Irfan Yusuf: Europe's conservative al-Qaeda

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A bomb goes off in a major European city. Nearby, civilians are shot in cold blood, almost 100 are killed, virtually all activists from the youth wing of the ruling.

Yet another terrorist attack on European soil. Who is responsible? Who will all the pundits and self-appointed terror experts tell us did it? What was their motivation? Take a guess.

According to a recent Europol report on terrorist attacks in 2010, there were 249 attacks. The report continues: "Islamist terrorists carried out three attacks on EU territory. Separatist groups, on the other hand, were responsible for 160 attacks, while left-wing and anarchist groups were responsible for 45 attacks. One single-issue attack was reported from Greece."

But the shrill sound of group responsibility will lead us all to immediately suspect that those responsible were burqa-clad ZZ Top-bearded Muslim fanatics determined to send sharia shockwaves across the West. And that's exactly what was said in the case of the recent Norwegian attacks.

In fact, we now know that this incident, like the vast majority of terrorist attacks in Europe, was the work of at least one extremist linked to terror cells of a more far-Right nationalistic variety.

The man who has admitted to carrying out the attacks was inspired by a desire to change the politics of his nation using what he described as a ''crusade''. The use of this word was not accidental. He was part of a loose franchise of crusader knights set up in London in 2002, with cells across Europe. The franchise, a conservative Christian version of al-Qaeda, sought to take Europe back to a time when only ''indigenous Europeans'' occupied the continent.

Among his many extremist activities, he was ''a member of a Swedish neo-Nazi internet forum named Nordisk, which hosts discussions ranging from white power music to political strategies to crush democracy''. The man clearly had all the hallmarks of a terrorist. He was the kind of person who, if he had an Arabic-sounding name, would trigger a round of collective responsibility shaped like pairs of shoes. I and many others deemed to look sufficiently Islamic or Middle Eastern would be forced to wear these shoes on our feet for months or years.

Pundits hired by media empires known to engage in illegal phone-tapping would be poisoning the minds of their large readership against me. Politicians of similar ideological stripes would call for a review of immigration policies, of banning certain headgear and who knows what else.

Is now a good time for me to sound triumphant, to force the shoes on their foot? Or to take off the shoes and throw them at my accusers? Is now is a good time to ask questions such as why aren't more (nominally) Christian conservatives of European heritage loudly protesting at the terrorism of one of their own? And why aren't their leaders (political and religious or intellectual) more vocal?

And why aren't the so-called moderate European conservatives marching through the streets protesting against terrorism? Aren't people's lives more sacred than, say, opposing a carbon tax?

Usually it is self-appointed Muslim talking heads being apologetic or staying silent post-terrorism. Now after Norway we are seeing many thick and not-so-thick sheikhs of the Western right in denial over terrorism in their ''own'' ranks.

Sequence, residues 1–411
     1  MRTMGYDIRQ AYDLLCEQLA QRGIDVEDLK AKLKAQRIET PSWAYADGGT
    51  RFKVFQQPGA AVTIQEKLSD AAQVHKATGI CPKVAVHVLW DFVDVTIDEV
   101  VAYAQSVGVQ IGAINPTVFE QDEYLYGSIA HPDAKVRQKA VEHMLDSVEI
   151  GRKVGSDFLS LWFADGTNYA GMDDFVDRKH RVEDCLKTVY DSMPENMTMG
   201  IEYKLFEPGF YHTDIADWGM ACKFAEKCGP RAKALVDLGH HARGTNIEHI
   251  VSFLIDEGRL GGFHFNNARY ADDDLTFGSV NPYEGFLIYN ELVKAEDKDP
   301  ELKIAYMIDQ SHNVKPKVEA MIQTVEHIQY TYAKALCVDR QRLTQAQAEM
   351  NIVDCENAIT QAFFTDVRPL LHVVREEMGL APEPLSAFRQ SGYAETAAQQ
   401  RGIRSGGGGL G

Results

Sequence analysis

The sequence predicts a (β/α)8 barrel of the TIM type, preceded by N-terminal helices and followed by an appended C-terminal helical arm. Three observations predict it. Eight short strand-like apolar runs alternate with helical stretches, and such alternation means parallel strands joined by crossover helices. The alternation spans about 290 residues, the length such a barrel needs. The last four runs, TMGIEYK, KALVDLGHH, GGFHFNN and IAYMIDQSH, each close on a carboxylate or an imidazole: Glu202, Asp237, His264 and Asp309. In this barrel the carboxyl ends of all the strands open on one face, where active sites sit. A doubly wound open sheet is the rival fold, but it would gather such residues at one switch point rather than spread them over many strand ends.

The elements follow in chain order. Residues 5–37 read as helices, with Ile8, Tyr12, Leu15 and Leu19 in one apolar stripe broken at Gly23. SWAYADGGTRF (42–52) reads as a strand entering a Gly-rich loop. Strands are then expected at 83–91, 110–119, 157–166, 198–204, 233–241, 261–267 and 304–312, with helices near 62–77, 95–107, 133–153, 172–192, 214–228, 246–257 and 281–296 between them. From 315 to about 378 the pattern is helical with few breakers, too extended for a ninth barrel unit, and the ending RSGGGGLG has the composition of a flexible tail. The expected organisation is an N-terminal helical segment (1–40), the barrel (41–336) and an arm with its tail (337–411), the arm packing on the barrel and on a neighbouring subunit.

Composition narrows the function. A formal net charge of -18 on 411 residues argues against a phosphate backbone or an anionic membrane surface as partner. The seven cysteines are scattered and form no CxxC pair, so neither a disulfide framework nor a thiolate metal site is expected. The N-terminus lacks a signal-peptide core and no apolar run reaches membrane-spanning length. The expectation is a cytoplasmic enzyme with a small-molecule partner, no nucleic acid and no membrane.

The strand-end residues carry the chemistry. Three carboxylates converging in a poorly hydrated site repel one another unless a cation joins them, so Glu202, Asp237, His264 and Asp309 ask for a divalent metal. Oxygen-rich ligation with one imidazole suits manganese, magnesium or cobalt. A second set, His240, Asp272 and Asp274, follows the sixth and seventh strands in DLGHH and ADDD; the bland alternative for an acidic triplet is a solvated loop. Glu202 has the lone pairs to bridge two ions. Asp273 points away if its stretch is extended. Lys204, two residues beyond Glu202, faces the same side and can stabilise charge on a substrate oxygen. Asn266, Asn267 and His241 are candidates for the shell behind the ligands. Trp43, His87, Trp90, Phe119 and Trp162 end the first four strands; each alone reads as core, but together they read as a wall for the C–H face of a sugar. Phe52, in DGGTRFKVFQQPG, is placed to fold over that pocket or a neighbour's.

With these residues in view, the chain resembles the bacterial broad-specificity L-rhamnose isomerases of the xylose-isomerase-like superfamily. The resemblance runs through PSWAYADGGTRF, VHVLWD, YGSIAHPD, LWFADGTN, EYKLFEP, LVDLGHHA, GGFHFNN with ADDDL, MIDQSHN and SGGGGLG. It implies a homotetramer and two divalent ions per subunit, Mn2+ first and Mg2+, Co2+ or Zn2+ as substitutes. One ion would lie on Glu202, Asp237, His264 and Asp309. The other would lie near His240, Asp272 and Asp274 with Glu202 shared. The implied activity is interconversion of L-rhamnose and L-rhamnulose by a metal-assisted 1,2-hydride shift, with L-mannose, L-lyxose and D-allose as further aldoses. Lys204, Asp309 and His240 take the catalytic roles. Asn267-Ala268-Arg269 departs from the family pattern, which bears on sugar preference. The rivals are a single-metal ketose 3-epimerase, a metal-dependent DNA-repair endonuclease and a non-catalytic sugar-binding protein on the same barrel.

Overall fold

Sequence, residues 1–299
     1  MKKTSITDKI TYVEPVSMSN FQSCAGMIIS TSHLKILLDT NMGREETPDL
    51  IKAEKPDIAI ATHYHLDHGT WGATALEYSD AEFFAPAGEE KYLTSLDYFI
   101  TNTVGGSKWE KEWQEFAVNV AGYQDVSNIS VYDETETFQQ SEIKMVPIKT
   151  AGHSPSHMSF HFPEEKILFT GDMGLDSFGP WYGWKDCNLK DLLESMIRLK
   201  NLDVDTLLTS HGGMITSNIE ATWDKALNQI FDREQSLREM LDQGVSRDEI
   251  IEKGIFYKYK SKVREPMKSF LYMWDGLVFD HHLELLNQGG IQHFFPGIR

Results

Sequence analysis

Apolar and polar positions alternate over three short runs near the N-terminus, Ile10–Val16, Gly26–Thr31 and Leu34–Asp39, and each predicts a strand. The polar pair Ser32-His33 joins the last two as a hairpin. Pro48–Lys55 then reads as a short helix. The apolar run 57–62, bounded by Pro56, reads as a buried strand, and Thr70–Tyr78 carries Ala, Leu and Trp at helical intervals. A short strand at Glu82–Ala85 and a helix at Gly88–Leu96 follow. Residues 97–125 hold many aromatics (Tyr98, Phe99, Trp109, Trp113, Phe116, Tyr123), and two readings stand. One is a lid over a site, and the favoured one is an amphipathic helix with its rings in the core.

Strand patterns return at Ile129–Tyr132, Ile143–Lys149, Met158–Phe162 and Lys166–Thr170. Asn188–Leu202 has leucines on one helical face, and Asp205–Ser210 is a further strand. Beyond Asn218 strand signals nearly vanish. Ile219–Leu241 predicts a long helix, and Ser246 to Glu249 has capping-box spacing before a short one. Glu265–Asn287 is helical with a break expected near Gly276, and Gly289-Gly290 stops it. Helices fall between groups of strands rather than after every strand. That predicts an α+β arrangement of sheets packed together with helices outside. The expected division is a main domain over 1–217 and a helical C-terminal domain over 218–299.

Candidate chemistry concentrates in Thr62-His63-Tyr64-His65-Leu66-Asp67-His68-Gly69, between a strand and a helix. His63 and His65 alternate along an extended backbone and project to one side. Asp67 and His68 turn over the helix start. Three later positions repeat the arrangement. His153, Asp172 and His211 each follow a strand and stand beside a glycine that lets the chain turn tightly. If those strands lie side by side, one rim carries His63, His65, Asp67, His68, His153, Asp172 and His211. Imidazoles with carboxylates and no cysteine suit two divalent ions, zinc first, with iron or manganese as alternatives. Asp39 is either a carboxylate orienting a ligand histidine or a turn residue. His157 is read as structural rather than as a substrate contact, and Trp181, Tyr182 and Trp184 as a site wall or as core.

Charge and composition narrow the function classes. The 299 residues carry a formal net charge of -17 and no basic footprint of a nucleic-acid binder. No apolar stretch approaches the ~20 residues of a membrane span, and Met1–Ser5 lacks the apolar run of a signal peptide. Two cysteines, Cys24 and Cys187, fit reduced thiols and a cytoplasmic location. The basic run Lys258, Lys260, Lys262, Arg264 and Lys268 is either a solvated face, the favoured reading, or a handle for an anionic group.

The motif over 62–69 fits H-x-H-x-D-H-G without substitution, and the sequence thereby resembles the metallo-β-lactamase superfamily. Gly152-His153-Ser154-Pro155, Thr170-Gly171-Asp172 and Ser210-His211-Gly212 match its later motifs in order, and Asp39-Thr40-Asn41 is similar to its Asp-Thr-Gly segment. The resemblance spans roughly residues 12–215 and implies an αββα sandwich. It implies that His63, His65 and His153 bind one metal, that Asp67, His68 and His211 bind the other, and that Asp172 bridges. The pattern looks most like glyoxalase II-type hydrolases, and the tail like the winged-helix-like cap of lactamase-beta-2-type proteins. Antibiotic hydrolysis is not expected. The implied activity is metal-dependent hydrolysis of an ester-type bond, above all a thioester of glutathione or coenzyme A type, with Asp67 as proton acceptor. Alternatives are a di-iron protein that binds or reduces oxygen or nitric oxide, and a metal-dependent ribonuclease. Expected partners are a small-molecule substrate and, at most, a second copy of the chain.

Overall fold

Across the Tasman, Australia's most well-read columnist is Andrew Bolt. His blog boasts over 1 million hits a day. His columns are read in Murdoch-owned tabloids. His politics are of far to the Right of centre, sceptical of climate change science and supportive of the most vigorous cultural warriors.

When Andrew Bolt suspected the acts were those of some person from the wrong religion, he shouted the ''T'' word from his cyber-rooftop. But when it turned out to be someone who shared the same European religious and right-wing, anti-Muslim, anti-multicultural politics, Bolt suddenly declared him ''a single madman''.

Presumably Bolt will now claim that the secret society of which the Norwegian terrorist was a member consisted of hundreds, possibly thousands, of singular madmen.

Bolt and others on the cultural warrior right must now live with the fact that they share their ideological leanings with mass murderers. The fact is that, apart from his murderous actions, there is plenty in appearance and political views that 32-year-old Norwegian terrorist Anders Behring Breivik shares with many allegedly mainstream conservatives.

If you don't believe me, consider this. The Centre for Independent Studies is still not too embarrassed to host Thilo Sarrazin, a German former banker and politician who claims Muslims are lowering German intelligence and that all Jews share certain genes. Also speaking on the same podium is another Murdoch columnist for writes for The Australian.

When Sarrazin made his remarks in 2010, German Jewish leader Stephen Kramer remarked, ''There's no room in the political debate for remarks that whip up racism or anti-Semitism.'' One wonders what Kramer and others would have made of Rupert Murdoch's genetic theory (made to his biographer Michael Wolff) that ''the basic problem of the Muslim people was that they married their cousins''. Is it legitimate to ask whether (allegedly) moderate conservatives at the CIS, at the Murdoch press, in conservative political parties, will loudly condemn Breivik's actions?

Are we to take their silence and denial as support for violent right-wing terrorism? Or will they request us non-cultural-warriors to be fair and balanced in a manner they have rarely been? Will they insist we refrain from divisive rhetoric in a manner they rarely have?

* Irfan Yusuf is a lawyer and author of Once Were Radicals: My Years As A Teenage Islamo-fascist.

- NZ Herald

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